Close sites icon close
Search form

Search for the country site.

Country profile

Country website

UNHCR urges more support for statelessness treaty on 50th anniversary


UNHCR urges more support for statelessness treaty on 50th anniversary

Less than one-fifth of UN member states have acceded to the 1961 Convention on the Reduction of Statelessness. Signing on would help to prevent future situations of statelessness, a problem that affects up to 12 million people.
30 August 2011
Thanks to policy and law reform in Sri Lanka, these young "hill Tamils" have broken the cycle of statelessness faced by their ancestors who were brought from India to work on tea estates nearly 200 years ago.

GENEVA, August 30 (UNHCR) - The UN refugee agency has reiterated its call for governments to sign on to two international treaties on statelessness, an important step towards ending the legal limbo faced by millions of people without a nationality.

The call to action comes on the 50th anniversary of the 1961 Convention on the Reduction of Statelessness on Tuesday. Together with the 1954 Convention relating to the Status of Stateless Persons, it provides a legal framework to prevent statelessness from occuring and to protect people who are already stateless.

UNHCR estimates there are up to 12 million stateless people in the world. With no nationality or status, they are often denied basic rights and access to education, health care, housing and employment.

While the problem is huge and affects many countries, governments have so far shown too little commitment to resolve it. Of the 193 UN member states, just 38 have acceded to the 1961 Convention while only 66 are parties to the 1954 Convention.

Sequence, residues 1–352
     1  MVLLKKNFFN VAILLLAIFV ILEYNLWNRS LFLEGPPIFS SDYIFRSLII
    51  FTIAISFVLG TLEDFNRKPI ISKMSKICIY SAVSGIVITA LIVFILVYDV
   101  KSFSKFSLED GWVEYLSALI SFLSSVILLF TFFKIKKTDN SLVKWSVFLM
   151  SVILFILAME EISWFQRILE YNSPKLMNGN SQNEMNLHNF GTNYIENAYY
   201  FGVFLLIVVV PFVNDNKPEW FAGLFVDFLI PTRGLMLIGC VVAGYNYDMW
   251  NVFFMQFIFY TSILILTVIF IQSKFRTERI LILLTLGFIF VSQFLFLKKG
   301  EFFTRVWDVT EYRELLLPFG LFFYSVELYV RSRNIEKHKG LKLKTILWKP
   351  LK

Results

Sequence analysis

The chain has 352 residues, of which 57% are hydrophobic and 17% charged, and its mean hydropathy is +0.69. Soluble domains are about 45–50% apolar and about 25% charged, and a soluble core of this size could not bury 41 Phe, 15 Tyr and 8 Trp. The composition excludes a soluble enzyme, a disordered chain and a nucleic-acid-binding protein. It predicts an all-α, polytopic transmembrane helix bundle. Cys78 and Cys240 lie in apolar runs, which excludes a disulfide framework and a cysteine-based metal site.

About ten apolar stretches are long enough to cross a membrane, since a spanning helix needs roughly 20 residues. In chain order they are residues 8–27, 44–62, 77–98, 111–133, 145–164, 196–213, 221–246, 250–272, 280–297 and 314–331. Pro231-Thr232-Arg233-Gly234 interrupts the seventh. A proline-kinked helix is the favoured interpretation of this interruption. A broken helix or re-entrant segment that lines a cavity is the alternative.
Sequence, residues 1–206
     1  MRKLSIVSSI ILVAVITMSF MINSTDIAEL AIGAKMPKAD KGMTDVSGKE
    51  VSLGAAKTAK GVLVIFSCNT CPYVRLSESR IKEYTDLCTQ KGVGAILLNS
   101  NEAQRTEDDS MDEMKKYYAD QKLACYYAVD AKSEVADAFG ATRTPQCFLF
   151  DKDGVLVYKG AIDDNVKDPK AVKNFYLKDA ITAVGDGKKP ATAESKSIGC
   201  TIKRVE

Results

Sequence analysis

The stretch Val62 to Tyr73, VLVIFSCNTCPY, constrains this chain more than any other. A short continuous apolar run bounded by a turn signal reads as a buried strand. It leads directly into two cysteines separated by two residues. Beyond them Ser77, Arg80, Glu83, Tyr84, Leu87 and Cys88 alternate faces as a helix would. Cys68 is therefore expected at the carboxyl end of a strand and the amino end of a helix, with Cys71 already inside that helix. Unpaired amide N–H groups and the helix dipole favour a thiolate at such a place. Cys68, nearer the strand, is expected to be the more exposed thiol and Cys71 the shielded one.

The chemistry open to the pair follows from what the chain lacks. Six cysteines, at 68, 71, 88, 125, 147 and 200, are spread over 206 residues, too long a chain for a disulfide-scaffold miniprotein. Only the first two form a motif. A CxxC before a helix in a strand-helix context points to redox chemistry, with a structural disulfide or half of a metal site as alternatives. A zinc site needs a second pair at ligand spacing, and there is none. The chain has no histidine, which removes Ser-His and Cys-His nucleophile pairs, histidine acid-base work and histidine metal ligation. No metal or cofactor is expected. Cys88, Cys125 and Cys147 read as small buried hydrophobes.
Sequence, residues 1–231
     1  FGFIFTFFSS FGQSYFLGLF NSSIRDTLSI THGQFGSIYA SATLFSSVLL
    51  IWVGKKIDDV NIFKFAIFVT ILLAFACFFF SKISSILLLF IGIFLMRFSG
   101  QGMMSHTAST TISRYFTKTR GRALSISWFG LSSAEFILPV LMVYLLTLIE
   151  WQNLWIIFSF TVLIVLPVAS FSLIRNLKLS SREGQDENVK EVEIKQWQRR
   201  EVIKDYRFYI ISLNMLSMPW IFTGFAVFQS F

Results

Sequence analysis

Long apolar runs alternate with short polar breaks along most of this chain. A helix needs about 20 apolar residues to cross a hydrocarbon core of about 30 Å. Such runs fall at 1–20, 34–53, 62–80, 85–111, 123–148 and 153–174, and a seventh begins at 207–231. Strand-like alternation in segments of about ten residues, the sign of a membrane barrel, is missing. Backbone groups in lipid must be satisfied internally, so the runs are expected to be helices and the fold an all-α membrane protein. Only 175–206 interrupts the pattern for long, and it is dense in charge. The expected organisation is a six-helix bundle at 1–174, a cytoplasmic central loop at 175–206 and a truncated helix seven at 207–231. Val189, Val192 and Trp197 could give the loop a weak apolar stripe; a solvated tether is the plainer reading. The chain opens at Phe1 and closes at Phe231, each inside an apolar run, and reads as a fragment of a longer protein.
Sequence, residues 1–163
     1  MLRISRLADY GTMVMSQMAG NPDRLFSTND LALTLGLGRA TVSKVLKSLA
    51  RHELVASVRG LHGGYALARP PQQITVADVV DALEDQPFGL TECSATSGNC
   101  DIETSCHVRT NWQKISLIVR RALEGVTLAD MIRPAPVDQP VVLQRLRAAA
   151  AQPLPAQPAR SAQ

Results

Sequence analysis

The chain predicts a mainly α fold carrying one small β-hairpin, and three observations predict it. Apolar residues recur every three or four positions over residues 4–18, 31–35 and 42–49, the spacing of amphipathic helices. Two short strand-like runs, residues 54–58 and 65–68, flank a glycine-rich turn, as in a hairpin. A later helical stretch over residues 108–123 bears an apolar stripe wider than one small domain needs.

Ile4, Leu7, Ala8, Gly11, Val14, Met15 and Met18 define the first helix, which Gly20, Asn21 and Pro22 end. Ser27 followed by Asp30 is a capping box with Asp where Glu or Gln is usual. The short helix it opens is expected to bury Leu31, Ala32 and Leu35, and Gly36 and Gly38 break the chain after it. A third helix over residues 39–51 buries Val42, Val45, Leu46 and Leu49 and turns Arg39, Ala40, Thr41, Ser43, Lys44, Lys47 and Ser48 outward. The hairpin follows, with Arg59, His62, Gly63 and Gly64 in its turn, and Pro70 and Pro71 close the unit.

"Everyone should have a nationality: It is a fundamental right," said UNHCR spokesman Adrian Edwards at a news briefing in Geneva on Tuesday. "Millions of people around the world continue to suffer the consequences of not having a nationality. And in an age of increasing labour mobility, for many people, children in particular, the risks of losing one's nationality are growing."

Fifty years after the 1961 Convention was adopted, the factors driving it have not changed. In a recently published historical overview of the 1961 Convention, Oxford University professor Guy S. Goodwin-Gill noted that when the UN's International Law Commission first convened in 1952 to develop a treaty to prevent and reduce statelessness, "Statelessness was seen as 'undesirable' from the perspective of orderly international relations, for every individual should be 'attributed to some State'; and it was also undesirable for the individual, because of its 'precariousness'."

These are the same arguments for states to accede to both statelessness conventions today: set minimum global standards, help resolve conflict of law issues and prevent people from falling through gaps between citizenship laws. It is a known fact that preventing statelessness and protecting stateless people can contribute to international peace and security and prevent forced displacement. Resolving statelessness can also promote the rule of law and help better regulate international migration. It is therefore in the interests of states to become party to the two conventions.

In recent months, Croatia, Panama, the Philippines and Turkmenistan have made the decision to become party to one or both of the statelessness conventions.

"We expect that a number of states will either accede to one or both of the statelessness conventions this year or pledge to do so at a ministerial-level meeting of UN member states being held in Geneva in December," said Edwards. "Nonetheless we are today repeating our call to governments, advocates, media, and individuals for a redoubling of efforts so that more states sign on to the statelessness conventions, reform nationality laws, and resolve the problem."